"Harry Potter and the Prisoner of Azkaban" is published

Harry Potter and the Prisoner of Azkaban is a fantasy novel written by British author J. K. Rowling and the third in the Harry Potter series. Along with friends Ronald Weasley and Hermione Granger, Harry investigates Sirius Black, an escaped prisoner from Azkaban who they believe is one of Lord Voldemort's old allies.

Spice Girls release their debut single "Wannabe"

"Wannabe" is an uptempo dance-pop song which features Mel B and Geri Halliwell rapping. The lyrics, which address the value of female friendship over the heterosexual bond, became an iconic symbol of female empowerment and the most emblematic song of the group's Girl Power philosophy.

Space Shuttle Columbia is launched

Aboard of the shuttle were Japanese rice fish. They mated and produced a healthy fry. Thus, the rice fish became the first vertebrate to mate in orbit. Columbia also carried International Microgravity Laboratory. Most experiments were dedicated to life sciences. Payload specialist Chiaki Mukai was first Japanese woman in space.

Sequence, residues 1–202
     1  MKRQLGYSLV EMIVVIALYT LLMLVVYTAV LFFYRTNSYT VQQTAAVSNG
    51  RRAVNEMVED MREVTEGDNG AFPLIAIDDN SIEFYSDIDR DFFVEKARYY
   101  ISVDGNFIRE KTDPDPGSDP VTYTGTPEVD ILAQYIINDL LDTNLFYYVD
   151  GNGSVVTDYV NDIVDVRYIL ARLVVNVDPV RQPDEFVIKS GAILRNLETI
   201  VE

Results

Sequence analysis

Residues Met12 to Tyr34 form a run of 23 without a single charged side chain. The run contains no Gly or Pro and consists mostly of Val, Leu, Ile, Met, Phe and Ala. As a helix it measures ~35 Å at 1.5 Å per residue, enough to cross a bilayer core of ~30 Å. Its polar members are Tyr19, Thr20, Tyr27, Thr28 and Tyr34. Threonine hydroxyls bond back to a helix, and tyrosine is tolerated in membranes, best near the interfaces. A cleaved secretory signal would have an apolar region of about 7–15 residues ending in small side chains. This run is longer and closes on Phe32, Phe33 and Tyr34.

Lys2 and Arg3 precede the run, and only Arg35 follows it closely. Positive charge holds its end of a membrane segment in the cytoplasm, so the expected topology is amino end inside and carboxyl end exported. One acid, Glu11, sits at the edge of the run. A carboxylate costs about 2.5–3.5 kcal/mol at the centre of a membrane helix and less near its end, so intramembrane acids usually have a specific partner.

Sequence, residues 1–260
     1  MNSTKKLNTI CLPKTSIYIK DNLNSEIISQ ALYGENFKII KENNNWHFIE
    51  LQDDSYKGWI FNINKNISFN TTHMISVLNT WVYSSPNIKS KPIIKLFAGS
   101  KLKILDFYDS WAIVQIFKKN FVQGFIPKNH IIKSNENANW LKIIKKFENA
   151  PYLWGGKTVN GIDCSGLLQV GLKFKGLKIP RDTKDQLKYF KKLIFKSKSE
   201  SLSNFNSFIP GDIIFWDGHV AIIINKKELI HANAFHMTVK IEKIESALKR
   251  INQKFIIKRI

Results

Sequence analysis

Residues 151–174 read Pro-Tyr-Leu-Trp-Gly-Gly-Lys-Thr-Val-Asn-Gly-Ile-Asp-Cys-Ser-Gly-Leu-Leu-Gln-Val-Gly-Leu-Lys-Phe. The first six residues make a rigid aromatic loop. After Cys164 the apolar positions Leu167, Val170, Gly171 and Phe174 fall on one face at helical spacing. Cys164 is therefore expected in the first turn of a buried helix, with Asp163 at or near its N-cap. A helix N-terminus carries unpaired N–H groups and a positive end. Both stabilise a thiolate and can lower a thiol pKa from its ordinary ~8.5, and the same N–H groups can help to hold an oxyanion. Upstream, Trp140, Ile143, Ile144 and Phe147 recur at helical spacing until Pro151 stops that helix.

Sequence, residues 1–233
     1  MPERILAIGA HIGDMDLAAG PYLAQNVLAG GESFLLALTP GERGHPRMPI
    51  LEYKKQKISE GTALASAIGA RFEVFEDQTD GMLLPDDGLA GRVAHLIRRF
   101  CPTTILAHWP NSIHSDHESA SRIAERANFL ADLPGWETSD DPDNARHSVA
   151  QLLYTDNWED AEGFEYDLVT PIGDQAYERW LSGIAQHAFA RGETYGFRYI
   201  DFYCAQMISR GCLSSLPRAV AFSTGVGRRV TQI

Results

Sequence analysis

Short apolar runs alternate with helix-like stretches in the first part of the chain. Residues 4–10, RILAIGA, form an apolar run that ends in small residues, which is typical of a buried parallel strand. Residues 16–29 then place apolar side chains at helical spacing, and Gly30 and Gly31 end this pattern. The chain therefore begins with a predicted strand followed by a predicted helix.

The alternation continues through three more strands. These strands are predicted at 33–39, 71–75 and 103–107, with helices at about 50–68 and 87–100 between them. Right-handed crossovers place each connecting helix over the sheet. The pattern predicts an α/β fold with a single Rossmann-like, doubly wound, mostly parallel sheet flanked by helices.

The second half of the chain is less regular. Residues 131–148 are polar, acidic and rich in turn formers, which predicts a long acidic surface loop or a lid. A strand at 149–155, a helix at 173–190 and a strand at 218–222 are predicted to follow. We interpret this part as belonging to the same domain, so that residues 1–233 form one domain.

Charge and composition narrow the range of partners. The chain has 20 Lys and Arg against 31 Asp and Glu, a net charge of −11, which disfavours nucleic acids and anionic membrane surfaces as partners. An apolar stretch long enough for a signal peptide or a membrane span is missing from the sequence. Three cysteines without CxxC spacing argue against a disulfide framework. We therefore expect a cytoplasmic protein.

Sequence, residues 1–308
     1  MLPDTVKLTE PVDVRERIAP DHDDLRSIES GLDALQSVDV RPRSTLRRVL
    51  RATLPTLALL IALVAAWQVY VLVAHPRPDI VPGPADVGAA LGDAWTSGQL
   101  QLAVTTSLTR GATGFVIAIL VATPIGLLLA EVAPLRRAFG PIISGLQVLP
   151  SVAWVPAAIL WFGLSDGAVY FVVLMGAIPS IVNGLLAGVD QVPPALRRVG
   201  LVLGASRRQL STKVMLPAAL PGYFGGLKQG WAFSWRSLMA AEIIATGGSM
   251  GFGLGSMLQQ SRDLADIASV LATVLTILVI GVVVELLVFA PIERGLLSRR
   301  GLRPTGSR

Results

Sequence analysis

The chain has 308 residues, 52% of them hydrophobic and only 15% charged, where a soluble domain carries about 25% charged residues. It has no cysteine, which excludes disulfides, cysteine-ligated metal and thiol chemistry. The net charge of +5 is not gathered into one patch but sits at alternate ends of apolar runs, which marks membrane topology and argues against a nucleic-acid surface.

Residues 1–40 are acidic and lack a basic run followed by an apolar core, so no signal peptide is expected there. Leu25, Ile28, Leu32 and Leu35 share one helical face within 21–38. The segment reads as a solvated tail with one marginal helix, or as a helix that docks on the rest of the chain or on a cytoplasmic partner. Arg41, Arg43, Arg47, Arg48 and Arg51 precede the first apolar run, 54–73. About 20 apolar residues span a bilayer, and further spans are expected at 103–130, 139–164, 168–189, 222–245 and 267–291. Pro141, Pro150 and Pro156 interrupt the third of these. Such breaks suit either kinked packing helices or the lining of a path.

Kim Il-sung dies after ruling North Korea 46 years

Kim Il-sung collapsed from a sudden heart attack at the age of 82. Kim Jong-il ordered the team of doctors, who were constantly at his father's side to leave, and arranged for the country's best doctors to be flown in from Pyongyang. After several hours, the doctors from Pyongyang arrived, but despite their efforts to save him, Kim Il-sung died.

"Melrose Place" first airs on Fox

Melrose Place is an American primetime soap opera that aired on Fox from 1992 to 1999, for seven seasons. The show follows the lives of a group of young adults living in an apartment complex called Melrose Place, in West Hollywood, California. The show was created by Darren Star for Fox and executive produced by Aaron Spelling.

1990

In a replay of the 1986 World Cup final Germany faces Argentina